To Philadelphia City Councilwoman Helen Gym, Pennsylvania’s education funding system is, in a word, “deplorable.” American Federation of Teachers President Randi Weingarten joked she’d been to the city so many times to protest inadequate school funding from Harrisburg that it felt like she lived here.
It would be fair to say the Keystone State’s education system got an “F” at a packed education reform panel held at Field House restaurant during the Democratic National Convention and hosted by The Atlantic.
Gym, a longtime schools advocate who won a seat on council last year, railed against the policies she said had created some of the most extreme funding inequalities between rich and poor school districts in the nation. Heavily reliant on local property taxes – which will increase in 80 percent of the commonwealth’s school districts this year – a recent City&State PA report found that cratering real estate values in much of rural PA were strangling those regions’ school districts while health care, special education and pension costs skyrocketed.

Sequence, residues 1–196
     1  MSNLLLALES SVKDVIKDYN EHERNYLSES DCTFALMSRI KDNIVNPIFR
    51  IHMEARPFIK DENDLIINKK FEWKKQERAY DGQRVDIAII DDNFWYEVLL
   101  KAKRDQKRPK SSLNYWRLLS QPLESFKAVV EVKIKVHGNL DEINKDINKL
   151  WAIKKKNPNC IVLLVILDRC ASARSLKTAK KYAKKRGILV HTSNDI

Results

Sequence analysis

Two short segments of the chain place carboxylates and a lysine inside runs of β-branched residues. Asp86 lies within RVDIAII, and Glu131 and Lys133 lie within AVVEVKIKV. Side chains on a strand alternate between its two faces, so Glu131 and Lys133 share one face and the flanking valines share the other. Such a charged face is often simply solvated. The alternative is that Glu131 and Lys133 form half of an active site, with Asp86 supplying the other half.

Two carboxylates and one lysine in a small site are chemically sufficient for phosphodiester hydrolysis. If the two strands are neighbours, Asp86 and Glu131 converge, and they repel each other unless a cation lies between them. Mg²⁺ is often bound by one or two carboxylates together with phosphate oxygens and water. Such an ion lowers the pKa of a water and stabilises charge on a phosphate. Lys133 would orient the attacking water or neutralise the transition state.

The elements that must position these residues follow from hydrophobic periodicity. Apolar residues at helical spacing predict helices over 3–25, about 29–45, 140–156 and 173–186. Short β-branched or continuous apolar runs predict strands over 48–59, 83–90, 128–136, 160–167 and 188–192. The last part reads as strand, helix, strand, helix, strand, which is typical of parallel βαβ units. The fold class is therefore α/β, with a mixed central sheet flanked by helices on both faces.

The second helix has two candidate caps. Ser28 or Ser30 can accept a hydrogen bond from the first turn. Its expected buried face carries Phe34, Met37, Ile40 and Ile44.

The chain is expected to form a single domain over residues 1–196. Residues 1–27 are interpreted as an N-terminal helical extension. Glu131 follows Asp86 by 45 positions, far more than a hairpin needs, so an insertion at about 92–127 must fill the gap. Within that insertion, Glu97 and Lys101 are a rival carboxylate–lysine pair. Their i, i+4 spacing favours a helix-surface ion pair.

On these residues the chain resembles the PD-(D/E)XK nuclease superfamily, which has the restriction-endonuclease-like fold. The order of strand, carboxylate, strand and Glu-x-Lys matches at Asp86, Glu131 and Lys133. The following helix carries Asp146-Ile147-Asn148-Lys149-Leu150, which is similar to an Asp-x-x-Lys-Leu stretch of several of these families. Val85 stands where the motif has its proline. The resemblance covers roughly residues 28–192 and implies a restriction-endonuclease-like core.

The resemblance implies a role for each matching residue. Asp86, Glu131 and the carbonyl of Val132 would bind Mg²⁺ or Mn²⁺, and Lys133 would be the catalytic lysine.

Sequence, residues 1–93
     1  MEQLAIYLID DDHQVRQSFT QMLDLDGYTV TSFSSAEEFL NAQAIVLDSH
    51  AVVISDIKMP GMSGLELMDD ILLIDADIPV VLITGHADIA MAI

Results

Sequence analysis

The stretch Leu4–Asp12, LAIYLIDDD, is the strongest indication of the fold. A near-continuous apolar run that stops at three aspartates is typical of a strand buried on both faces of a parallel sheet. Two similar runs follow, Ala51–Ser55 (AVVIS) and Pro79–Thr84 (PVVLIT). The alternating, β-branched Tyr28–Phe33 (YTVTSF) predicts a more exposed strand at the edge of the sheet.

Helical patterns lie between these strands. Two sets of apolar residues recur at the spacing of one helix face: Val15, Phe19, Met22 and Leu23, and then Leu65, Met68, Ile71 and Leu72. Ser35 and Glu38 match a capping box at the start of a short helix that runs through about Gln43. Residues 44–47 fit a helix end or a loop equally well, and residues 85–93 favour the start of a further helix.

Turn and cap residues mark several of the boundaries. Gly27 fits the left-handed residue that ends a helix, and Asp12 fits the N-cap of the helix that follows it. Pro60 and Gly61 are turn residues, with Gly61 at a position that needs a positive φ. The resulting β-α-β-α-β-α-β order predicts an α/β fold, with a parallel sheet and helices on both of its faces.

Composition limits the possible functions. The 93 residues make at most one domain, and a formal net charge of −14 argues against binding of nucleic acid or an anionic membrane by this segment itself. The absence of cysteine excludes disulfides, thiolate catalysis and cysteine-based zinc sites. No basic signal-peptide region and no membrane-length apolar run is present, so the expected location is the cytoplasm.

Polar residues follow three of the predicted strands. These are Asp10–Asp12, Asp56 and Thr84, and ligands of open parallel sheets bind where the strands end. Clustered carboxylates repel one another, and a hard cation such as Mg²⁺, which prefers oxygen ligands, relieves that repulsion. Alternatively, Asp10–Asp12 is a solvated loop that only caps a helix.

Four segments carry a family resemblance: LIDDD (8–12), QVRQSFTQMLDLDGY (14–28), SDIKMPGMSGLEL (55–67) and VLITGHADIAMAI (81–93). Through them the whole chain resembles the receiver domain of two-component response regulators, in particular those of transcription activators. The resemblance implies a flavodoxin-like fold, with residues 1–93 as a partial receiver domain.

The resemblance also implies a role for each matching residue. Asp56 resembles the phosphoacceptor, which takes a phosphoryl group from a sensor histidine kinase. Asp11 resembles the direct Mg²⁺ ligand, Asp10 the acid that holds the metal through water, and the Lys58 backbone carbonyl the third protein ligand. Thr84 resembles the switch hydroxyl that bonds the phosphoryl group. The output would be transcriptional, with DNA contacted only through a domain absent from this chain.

Meanwhile, she said, intervention by the state government had harmed Philadelphia’s school district, the largest in PA.
Despite more than a decade of the state-controlled School Reform Commission, most Philly schools still struggle to cope with poverty and racial achievement gaps. Funding shortfalls in the wake of Gov. Tom Corbett’s disastrous budget cuts in 2011 led to reductions in support staff, and 95 percent of city schools were without a functional library.
“The takeover by the state of Pennsylvania condemned Philadelphia schools as being deplorable, out of control, unable to govern themselves, broke, bankrupt and lacking in vision,” said Gym. “We’ve shown that the state takeover was the thing that lacked in vision. It was a state that refused to tackled funding inequity. It was a state that refused to look at inequality in how our schools were funded.”
Despite a big budget win for public school funding and Gov. Tom Wolf’s pro-education agenda, Gym and Weingarten promised more political organizing around a fair funding lawsuit headed to the PA Supreme Court this year.
“We’re going to pack the Supreme Court and City Hall and ensure that our state takes funding equity seriously,” she said, to applause from a room replete with educators.